24. One of the things that makes history writing so fruitful is the number of different ways one can approach the same events. When I learned about the Panama Canal in grade school, the primary emphasis was on the victory over Yellow Fever, with a secondary emphasis on the split between Panama and Colombia. While Matthew Parker has managed to discuss many topics, his special emphasis is on race relations. While progress was made in almost all fields of endeavor during the decades of canal constructi [...]


    25. Parker's book on the building of the Panama Canal is heavy on the worker's point of view. The book is engaging and very readable. Most of the history we learned in David McCullough's book on the Panama Canal almost 30 years ago. Parker's book sheds light on the average laborer working on the canal, both during the French and American period.It must be stated that without Caribbean labor, the canal would never have been completed.Like most huge engineering endeavors, many gave their lives for thi [...]


    26. ["Read" via unabridged audiobook.]In my professional life I work on large engineering projects, so I'm naturally hearing about other ones. Great engineering projects in an earlier time are interesting because the technology is so central to the activity, yet the human motivations, ambitions, and demands are so similar even when separated by more than a century.This book goes into what felt like considerable detail, and covered the earlier aborted French attempt as much as the successful American [...]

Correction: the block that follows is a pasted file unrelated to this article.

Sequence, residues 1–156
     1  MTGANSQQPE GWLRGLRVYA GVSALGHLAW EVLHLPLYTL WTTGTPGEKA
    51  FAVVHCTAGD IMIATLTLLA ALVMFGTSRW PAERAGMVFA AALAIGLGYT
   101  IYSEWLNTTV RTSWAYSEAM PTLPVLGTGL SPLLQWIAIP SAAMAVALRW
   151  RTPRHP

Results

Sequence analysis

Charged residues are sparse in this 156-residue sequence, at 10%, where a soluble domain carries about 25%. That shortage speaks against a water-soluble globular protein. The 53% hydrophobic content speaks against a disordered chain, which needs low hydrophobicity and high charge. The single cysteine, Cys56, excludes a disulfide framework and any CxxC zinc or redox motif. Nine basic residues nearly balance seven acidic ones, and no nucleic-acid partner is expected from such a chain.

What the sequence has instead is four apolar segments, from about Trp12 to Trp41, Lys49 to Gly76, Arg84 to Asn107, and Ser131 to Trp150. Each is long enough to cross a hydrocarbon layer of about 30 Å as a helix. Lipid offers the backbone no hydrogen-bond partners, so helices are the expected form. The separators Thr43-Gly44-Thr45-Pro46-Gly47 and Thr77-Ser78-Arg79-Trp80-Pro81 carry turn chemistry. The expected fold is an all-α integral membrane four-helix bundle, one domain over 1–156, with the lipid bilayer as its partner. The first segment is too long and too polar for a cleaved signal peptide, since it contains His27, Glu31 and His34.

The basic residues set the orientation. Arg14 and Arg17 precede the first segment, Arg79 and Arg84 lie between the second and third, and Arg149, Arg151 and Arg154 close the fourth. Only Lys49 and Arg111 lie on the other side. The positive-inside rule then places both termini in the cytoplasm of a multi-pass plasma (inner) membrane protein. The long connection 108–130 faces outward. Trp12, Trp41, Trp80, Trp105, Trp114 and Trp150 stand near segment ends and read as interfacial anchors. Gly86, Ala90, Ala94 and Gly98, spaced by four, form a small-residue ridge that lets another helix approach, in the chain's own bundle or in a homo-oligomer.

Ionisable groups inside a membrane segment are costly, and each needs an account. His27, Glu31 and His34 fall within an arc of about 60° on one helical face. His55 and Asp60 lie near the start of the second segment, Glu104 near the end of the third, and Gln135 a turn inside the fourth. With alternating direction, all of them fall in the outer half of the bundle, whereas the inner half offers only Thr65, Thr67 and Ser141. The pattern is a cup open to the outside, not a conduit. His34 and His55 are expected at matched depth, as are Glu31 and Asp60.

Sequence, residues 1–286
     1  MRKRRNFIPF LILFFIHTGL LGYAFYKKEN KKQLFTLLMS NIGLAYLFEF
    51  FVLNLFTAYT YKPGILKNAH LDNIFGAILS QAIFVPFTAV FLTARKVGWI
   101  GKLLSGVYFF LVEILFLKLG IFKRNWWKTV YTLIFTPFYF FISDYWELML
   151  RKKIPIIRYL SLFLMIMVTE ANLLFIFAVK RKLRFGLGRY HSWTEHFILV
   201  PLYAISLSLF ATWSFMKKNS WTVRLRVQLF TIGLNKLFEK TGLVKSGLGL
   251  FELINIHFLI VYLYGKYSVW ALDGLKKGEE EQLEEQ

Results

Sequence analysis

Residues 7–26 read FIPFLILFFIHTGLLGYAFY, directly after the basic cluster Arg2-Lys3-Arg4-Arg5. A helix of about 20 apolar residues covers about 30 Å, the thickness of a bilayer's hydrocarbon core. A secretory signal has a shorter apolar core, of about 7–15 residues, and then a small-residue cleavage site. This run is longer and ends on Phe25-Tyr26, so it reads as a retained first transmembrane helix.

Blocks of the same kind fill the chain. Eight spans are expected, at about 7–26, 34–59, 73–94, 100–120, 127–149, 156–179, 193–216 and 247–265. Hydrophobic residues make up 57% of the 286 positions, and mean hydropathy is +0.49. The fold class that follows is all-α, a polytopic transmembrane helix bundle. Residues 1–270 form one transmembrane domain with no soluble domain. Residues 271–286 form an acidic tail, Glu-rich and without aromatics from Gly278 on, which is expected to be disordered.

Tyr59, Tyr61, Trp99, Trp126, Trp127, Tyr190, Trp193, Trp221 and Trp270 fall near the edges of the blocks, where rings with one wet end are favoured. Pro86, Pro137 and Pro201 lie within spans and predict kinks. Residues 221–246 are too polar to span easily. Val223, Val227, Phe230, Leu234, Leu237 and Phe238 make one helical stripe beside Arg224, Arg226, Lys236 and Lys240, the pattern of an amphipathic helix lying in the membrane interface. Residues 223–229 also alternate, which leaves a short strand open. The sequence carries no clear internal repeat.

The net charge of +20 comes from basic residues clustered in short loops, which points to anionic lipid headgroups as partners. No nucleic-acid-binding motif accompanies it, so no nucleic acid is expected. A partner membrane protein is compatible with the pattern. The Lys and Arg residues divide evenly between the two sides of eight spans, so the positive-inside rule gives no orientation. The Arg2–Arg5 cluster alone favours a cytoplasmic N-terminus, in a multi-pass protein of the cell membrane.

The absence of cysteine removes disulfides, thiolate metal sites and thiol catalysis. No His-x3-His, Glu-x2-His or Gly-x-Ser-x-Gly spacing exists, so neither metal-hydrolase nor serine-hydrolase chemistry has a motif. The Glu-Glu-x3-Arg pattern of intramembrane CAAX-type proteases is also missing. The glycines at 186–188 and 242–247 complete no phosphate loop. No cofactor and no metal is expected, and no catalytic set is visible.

27. Matthew Parker's Panama Fever is an outstanding book. I read it in two shifts. The first shift was before making a trip to the Panama Canal in May. After my return I picked it up again. Here's what I did not expect. It is a very good study of American racism. The line that sticks with me remember Panama was south of the Mason-Dixon line. But it was more than that. Sometimes I think, perhaps we have advanced, but then a quick review of our political situation with its own racism. Nope, haven't ch [...]


    28. A Man, a Plan, a Canal -- Panama!Much was the*yellow fever*malaria*incompetence*venality*danger*dirt*machinery*ambition*moolah*prejudice*secrecy*esprit de corps*corruption*comradery400 years in the imagining; 40 years in the executing. Result: a hundred-years canal that still wows and continues to serve. Parker tells the story of the canal with great verve. If you've already read McCullough's Path Between the Seas, Panama Fever might not be an essential read, but it's fascinating nonetheless and [...]


    29. I don't think this is as good a book as David McCullough's The Path Between the Seas. McCullough's portrait of Ferdinand de Lesseps, the Frenchman who tried to build the canal 30 years before it was actually built was memorable. Parker's book is not as well written but on the other hand it does spend more time focusing on the workers who built the canal and the structure of discrimination that was built by the US when it was its turn to finish the canal. Some time I'll have to go there and see i [...]